Chicken and biscuits
1 package refrigerated biscuits
12 oz. cooked chicken in bite-size pieces
1 tablespoon olive oil
Celery salt and freshly ground black pepper
2 1/2 cups chicken stock
1 tablespoon unsalted butter
1-2 Tbs flour
2 Tbs half-and-half
1 cup frozen edamame
1 cup frozen small whole onions

Bake the biscuits according to their directions.
Whisk the flour into some water to avoid lumps. Heat broth to a simmer. Add onions and edamame and simmer 5 minutes. Add celery salt and pepper. Add flour slurry. Add butter. Add chicken and heat through. Serve over the biscuits in heated bowls.

Wednesday, November 2, 2011

Second Son of Slaw

This is a warm concoction. It nudged my consciousness this morning at about 9:30 am (EDT). By the way, do you hate having to get up in pitch dark as much as I do? I can hardly wait for the time to change this weekend. Here's a pretty simple recipe. We've been buying cabbages because we like cabbage and it is relatively cheap. I learned from Rachael Ray the melt anchovy in your cooking oil technique. It really works. I will resist saying, “Yummo.” Uh-oh, I guess I just failed that test. The quantities of ingredients I used are very modest. Frankly I think you could double them if you like lots of flavor. When I do this again, that is what I will do.

The Second Son of Slaw
3 Tbs olive oil
2 anchovies
¼ head of cabbage, sliced very thin
1/3 cup chicken broth
2 Tbs cider vinegar
1 Tbs Dijon mustard
Pinch red pepper flakes
½ tsp ground caraway seeds
Heat the oil. Melt the anchovies into the oil.
Add the cabbage and toss to coat. Continue tossing for about 3 minutes.
Add broth, vinegar, mustard, pepper flakes and caraway. Cook uncovered until the cabbage is tender but al dente, maybe 6 minutes, maybe 8 minutes? Pull it off the heat and let it sit for 10 minutes. You can combine this with anything for which you would use sauerkraut or more traditional coleslaw.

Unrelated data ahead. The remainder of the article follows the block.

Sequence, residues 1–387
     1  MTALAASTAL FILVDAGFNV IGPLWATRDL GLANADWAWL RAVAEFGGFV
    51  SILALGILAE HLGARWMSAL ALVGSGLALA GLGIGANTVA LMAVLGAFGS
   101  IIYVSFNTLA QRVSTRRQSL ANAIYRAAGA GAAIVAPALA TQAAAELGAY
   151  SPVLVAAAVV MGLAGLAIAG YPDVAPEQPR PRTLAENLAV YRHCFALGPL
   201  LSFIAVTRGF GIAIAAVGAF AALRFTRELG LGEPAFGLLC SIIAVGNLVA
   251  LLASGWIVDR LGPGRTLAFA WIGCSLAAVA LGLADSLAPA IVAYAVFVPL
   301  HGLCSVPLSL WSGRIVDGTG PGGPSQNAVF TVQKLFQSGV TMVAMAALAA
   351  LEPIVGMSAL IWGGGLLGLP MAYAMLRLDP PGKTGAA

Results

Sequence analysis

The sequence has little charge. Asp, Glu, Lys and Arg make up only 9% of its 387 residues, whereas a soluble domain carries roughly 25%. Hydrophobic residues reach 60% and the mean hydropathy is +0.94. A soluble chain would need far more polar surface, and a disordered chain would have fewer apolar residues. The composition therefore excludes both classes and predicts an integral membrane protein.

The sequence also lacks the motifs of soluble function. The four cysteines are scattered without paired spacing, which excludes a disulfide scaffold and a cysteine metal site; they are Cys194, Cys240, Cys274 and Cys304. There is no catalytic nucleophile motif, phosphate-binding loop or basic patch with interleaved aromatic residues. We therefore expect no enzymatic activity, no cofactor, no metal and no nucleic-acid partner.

Sunday, October 30, 2011

Stirred egg sandwiches with bacon and gorgonzola

Mary, of insideabritishmumskitchen, has written a very lovely review of my book. As of today it's still on her site. It makes me blush.

Jenn, of jennsfoodjourney, has concluded her giveaway of my book. It's going to a swell young man in Great Britain, Michael of Me, My Food and I. Jenn and I are happy for him. I am grateful to her for her support and her special efforts on my behalf. Let's hear it for Jenn.

I got to make lunch yesterday. It's been quite a while. Peter has enjoyed doing lunch. Even yesterday he helped by chopping bacon and sauteing it. Trader Joe's sells bacon “ends” in a 1 lb. package at a really good price. It is useful for anything that you don't feel requires whole strips. These sandwiches certainly didn't. Please note I don't call this scrambled eggs. Here's why:
I have my own way of scrambling eggs. It's not complicated. I simply don't really beat them up before cooking. I put them in a bowl, bust up the yolks and give them a bit of a stir. I enjoy the final product showing both egg white and yolk in the mix. I really enjoy that texture.
Peter likes to toast our bread. I prefer my bread with a little crispness, but not too crunchy. I said to him yesterday morning, “Do you think three eggs is enough for two sandwiches?” He answered that we only had three eggs so it would have to be enough. It was.